Until just a few years ago when I asked my son everyday after school “how was school?” I would get some details about snack time, a teachers’ comment or an encounter with a friend. Now, that he is 11, and I ask him the same question there is the usual mundane four-letter word “Fine!”
Lately I began to realize that its not the answer that is uneventful it’s the ordinary, completely unremarkable question that is put forward. His day at school has become a lot more complex than just snack and circle time. If I am not specific in my words how can I expect him to tell me explicitly about his highs and lo’s at school. The lack of detail and triviality from my side will obviously fetch me such detached and alien retorts.
I have often heard people asking each other “Kya Khabar (whats the news)?” I mean do I look like a newscaster to you? Or would you rather expect me to say “ Aaj kee breaking news yeh hai keh General Pervez Musharraf ko dil key ilaaj key liye bairoonay mulk jaana paray ga” or else “ Federer ko muun tor shikast ka saamna karna para, naughty Nadal!”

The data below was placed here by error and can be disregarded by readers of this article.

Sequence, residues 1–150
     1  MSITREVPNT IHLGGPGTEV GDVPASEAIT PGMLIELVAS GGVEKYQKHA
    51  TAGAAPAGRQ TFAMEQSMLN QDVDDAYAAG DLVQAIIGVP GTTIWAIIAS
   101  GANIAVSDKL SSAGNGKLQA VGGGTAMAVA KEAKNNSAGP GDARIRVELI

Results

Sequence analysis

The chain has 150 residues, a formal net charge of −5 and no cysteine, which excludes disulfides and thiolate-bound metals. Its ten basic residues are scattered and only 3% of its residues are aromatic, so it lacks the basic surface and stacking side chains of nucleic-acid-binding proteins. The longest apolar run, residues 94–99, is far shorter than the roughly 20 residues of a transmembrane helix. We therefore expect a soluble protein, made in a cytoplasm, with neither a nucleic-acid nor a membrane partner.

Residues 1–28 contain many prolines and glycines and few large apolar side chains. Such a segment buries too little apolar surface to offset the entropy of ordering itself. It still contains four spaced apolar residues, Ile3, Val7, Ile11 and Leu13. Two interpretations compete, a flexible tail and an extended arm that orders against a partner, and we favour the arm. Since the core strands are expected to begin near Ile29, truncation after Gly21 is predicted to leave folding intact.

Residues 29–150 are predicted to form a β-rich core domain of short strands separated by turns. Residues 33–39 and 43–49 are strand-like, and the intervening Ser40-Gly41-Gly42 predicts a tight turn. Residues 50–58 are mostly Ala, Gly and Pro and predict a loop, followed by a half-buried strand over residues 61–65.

With the uncontrollable increase in text messaging, whatsapping and bbm-ing friends near and far often type “How are you?”
“Ummm 5’6”, black and pepper hair…are you interested in the vital statistics also?”
Or those rushed for time would often write “Haal?”
Or “All ok”
Men often ( and sometimes not at all) ask their wives “How was your day?”
“Ah, brilliant, the usual 1 hour long school run, the grind at the gym, the buk buk with the maasi, grocery for aalo, tamater and pyaaz and then the school run again…”
Would anyone be interested in listening to this toneless whining every single day?
Would relationships be different if we were to pose questions in a more emotionally attached way?
Would I be able to get more detail if I were to ask my son “ What was the most exciting thing that happened at school today?”
Instead of asking for “khabar” wouldn’t it be better if one were specifically asked “you were meant to go to the doctor, did you manage to?”
It might require some more time and typing energy but “Haal” can easily be replaced by “Is the pain in your back better?”
And as I recently read counselors recommend to spouses to ask questions like
“Did the kids give you a tough time today?”
“How did the meeting with XYZ brand manager go?”
I wonder if we are actually trying to seek an answer or simply tick mark a “to do.” One-word questions seem more like a hit and run situation rather than striving for a complete answer. Or is it that we are afraid of asking for detail because we might have to sit down and actually listen, empathize and reason later on. Adding just a little more element and consideration in our questions can bring about a lot more tenderness and responsiveness. And possibly closer relations also.